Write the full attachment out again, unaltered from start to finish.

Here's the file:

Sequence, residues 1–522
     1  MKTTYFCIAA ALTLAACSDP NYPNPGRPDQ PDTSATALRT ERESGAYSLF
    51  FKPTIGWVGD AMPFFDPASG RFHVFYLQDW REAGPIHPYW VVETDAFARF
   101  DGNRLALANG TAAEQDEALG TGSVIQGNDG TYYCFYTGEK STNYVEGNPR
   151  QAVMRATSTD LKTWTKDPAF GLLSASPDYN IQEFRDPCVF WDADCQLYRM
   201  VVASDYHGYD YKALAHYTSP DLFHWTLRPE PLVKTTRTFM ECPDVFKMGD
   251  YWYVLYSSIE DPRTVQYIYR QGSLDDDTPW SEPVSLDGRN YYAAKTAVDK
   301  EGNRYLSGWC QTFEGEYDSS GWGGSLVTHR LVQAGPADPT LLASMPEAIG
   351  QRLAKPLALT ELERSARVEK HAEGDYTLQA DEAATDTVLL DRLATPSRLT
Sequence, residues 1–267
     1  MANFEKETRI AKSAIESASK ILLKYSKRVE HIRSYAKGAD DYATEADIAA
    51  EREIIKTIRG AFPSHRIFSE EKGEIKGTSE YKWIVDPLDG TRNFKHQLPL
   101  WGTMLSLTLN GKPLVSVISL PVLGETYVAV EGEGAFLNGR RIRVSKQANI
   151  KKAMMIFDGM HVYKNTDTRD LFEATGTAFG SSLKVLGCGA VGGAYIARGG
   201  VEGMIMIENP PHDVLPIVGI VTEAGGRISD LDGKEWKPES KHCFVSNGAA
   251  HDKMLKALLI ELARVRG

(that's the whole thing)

Sequence, residues 1–522
     1  MKTTYFCIAA ALTLAACSDP NYPNPGRPDQ PDTSATALRT ERESGAYSLF
    51  FKPTIGWVGD AMPFFDPASG RFHVFYLQDW REAGPIHPYW VVETDAFARF
   101  DGNRLALANG TAAEQDEALG TGSVIQGNDG TYYCFYTGEK STNYVEGNPR
   151  QAVMRATSTD LKTWTKDPAF GLLSASPDYN IQEFRDPCVF WDADCQLYRM
   201  VVASDYHGYD YKALAHYTSP DLFHWTLRPE PLVKTTRTFM ECPDVFKMGD
   251  YWYVLYSSIE DPRTVQYIYR QGSLDDDTPW SEPVSLDGRN YYAAKTAVDK
   301  EGNRYLSGWC QTFEGEYDSS GWGGSLVTHR LVQAGPADPT LLASMPEAIG
   351  QRLAKPLALT ELERSARVEK HAEGDYTLQA DEAATDTVLL DRLATPSRLT
Sequence, residues 1–267
     1  MANFEKETRI AKSAIESASK ILLKYSKRVE HIRSYAKGAD DYATEADIAA
    51  EREIIKTIRG AFPSHRIFSE EKGEIKGTSE YKWIVDPLDG TRNFKHQLPL
   101  WGTMLSLTLN GKPLVSVISL PVLGETYVAV EGEGAFLNGR RIRVSKQANI
   151  KKAMMIFDGM HVYKNTDTRD LFEATGTAFG SSLKVLGCGA VGGAYIARGG
   201  VEGMIMIENP PHDVLPIVGI VTEAGGRISD LDGKEWKPES KHCFVSNGAA
   251  HDKMLKALLI ELARVRG